Businesses have always been able to collect and analyze data. Over the past couple of decades, though, and with much thanks to the Internet, data has grown enormously. We now have access to massive amounts of data that can be used to make better-informed business decisions. The only way we can make these decisions, however, is by making sure we are accurately analyzing the data we have access to — introducing business analysts.
It is a business analyst’s job to collect, store, manage, and analyze data. This data can be collected from a variety of sources, including surveys, online browsing habits, mobile messaging data, and more. Much of the time, it is a business analyst’s responsibility to choose the sources from which he or she wants to collect data to best achieve the objective at hand. Some of the more popular specialty areas that business analyst work in include:
- Market research
- Operations research
- Analytics management
- Financial analytics
- Visualization modeling
- Cost estimation
Earning a Degree in Business Analytics
One of the first things you will notice when you search for schools offering programs in business analytics is that there are so many choose from. And not only are there a high number to choose from, but most of these programs differ from each other in one way or another. For example, most programs come with some type of concentration in another field of study. Carnegie Mellon University offers a Master of Information Systems Management program that concentrates on business intelligence and data analytics. Columbia University has a Master of Science program that concentrates on Applied Analytics. If you are looking for a program that concentrates more on the business-side of analytics, then you’ll want to check out the MBA: Business Analytics Concentration program offered at Purdue University.
Like most other areas of study, the type of degree that you choose to pursue will determine how long you are in school. Generally, an associate’s level program will take anywhere from 15 to 24 months to complete. If you want to earn a bachelor’s degree, it will take you roughly four years, however, some schools do offer accelerated programs that enable you to earn your degree in as little as 36 months. Since the field of business analytics is always evolving due to advancements in technology, it is pertinent that you expand your knowledge on the subject as much as possible, meaning, if you have the time and resources, earning an advanced degree is highly recommended. A master’s program will take anywhere from nine to 24 months after you have finished your undergraduate studies. And to earn a Ph.D., you will need to devote another 15 to 36 months to your schooling.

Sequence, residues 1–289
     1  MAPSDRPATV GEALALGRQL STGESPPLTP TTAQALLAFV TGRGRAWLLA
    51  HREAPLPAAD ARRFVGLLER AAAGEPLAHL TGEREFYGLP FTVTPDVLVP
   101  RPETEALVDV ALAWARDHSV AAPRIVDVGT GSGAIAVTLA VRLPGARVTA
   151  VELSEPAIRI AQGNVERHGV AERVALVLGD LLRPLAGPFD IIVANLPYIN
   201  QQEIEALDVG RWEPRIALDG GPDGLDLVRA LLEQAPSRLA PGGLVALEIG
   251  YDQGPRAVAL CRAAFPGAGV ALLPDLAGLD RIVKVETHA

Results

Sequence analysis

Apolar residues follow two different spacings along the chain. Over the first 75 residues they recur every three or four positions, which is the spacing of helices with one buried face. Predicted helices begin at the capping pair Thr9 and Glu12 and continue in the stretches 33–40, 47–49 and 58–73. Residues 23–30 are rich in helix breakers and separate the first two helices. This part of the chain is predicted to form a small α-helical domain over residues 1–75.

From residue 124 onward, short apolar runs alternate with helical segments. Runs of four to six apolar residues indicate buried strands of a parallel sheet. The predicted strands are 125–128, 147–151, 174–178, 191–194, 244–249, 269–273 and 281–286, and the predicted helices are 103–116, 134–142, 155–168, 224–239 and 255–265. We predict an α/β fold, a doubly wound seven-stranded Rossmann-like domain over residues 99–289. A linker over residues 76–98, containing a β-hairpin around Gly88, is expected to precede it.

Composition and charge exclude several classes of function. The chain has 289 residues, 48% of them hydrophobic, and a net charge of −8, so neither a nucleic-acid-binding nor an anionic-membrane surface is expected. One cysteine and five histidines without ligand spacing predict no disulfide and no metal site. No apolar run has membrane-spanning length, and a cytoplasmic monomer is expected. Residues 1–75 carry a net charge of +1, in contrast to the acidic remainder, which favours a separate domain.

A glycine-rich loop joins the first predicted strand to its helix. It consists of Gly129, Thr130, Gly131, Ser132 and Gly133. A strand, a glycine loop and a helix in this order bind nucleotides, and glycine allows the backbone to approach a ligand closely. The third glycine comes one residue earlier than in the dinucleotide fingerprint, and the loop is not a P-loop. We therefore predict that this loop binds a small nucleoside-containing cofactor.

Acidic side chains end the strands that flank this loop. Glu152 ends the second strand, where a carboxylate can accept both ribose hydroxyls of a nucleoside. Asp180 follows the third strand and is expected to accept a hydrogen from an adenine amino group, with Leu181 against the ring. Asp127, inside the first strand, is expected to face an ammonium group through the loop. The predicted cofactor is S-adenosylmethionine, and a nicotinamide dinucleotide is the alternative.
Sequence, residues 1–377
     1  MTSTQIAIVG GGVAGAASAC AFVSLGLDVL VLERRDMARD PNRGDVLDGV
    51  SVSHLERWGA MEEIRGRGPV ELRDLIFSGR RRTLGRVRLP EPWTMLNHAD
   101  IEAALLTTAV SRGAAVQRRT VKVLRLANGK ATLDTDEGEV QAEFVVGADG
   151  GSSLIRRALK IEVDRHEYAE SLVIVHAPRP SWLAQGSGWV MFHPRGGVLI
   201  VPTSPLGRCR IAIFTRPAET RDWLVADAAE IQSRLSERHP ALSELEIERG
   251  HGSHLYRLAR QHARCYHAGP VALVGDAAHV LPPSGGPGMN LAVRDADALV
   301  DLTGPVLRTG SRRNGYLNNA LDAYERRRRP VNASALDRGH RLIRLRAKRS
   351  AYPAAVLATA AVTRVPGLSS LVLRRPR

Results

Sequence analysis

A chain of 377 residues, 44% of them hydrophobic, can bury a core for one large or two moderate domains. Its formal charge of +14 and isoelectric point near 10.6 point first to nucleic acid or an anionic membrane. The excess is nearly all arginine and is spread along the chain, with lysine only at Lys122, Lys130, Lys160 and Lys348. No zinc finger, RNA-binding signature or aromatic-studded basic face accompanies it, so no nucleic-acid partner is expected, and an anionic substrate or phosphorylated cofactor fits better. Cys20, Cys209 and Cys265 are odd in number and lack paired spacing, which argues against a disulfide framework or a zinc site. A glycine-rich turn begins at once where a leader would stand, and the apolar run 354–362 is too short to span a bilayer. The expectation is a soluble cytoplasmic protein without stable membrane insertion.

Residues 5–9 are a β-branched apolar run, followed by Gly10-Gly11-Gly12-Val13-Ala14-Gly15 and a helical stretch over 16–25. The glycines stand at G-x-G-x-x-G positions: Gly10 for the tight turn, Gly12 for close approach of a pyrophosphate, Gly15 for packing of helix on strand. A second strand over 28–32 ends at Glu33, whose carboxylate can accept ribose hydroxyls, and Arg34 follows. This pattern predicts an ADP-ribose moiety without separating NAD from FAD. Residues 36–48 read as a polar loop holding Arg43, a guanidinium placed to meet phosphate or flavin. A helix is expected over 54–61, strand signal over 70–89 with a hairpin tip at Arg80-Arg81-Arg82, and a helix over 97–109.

Ideal Jobs for a Person With a Degree in Business Analytics
The amount of schooling and the exact degree that you earn will greatly influence the job opportunities that come available to you once you graduate. The electives that you take during your years of studying will also impact the career paths that you can follow. Common positions that graduates of business analytics program pursue are:
As a data scientist, you will spend your time working with data. Sometimes, the data is already collected for you. Other times, however, you may have to develop programs that collect the data. Your responsibility is to collect, store, and analyze the data to solve analytically-complex problems. Sometimes, though, your main goal may be to make meaningful use out of the data, with no complex problem to solve. Regardless of your responsibilities as a data scientist, you are going to be working with various software tools and you are going to need an extensive amount of knowledge related to programming, coding, mining, and query languages.
A project manager has a wide range of knowledge relating to various tools and techniques that can be implemented to complete a project in the most effective and efficient manner possible. In this role, you are responsible for assembling teams, closing projects, and communicating with higher-level employees, including shareholders and board members.
A research analyst performs much of the same job tasks as a data scientist, except in this role, more of your time is spent on actual research. Your objective in this role is to help your employer determine its position within the marketplace and create strategies that can help put the company ahead of its competitors.
Much of the time, business analysts start out by working under the title of a data analyst. In this line of work, you will be working massive amounts of Big Data to achieve the objectives that your employer gives you. If your employer provides you with Big Data that is unstructured, it will be your responsibility as a data analyst to manipulate the data into a structured form so that it can be used for further analyses with the hope of discovering valuable hidden insights.
Supply chain manager
As a supply chain manager, you will use your knowledge of business analytics to make recommendations that can improve your employer’s logistics and purchase processes. It is also in this role that you will perform a lot of research to stay up to date with the latest logistical methods that improve storage and shipping efficiency.
A data architect starts out projects by first examining the needs of his or her employer. Communication with employees and users of the employer’s databases will take place; these discussions will shed light on the parts of the database that need to be analyzed or altered. Once goals are set, the data architect then creates a blueprint of how architectural data changes are going to take place; this may include changing interfaces, building completely new database software from code, or even integrating two or more platforms together.